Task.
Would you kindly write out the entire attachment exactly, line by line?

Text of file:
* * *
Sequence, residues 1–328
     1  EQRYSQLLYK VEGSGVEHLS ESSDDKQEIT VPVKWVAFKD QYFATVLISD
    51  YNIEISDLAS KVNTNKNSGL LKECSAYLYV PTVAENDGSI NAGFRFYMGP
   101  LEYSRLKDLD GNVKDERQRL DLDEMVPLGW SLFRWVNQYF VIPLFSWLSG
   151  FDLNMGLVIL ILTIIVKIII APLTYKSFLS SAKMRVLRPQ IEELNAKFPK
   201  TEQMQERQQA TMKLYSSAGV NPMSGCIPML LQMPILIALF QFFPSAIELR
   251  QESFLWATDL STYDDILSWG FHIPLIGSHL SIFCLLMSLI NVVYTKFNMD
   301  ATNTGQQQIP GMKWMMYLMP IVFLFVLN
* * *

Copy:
Sequence, residues 1–328
     1  EQRYSQLLYK VEGSGVEHLS ESSDDKQEIT VPVKWVAFKD QYFATVLISD
    51  YNIEISDLAS KVNTNKNSGL LKECSAYLYV PTVAENDGSI NAGFRFYMGP
   101  LEYSRLKDLD GNVKDERQRL DLDEMVPLGW SLFRWVNQYF VIPLFSWLSG
   151  FDLNMGLVIL ILTIIVKIII APLTYKSFLS SAKMRVLRPQ IEELNAKFPK
   201  TEQMQERQQA TMKLYSSAGV NPMSGCIPML LQMPILIALF QFFPSAIELR
   251  QESFLWATDL STYDDILSWG FHIPLIGSHL SIFCLLMSLI NVVYTKFNMD
   301  ATNTGQQQIP GMKWMMYLMP IVFLFVLN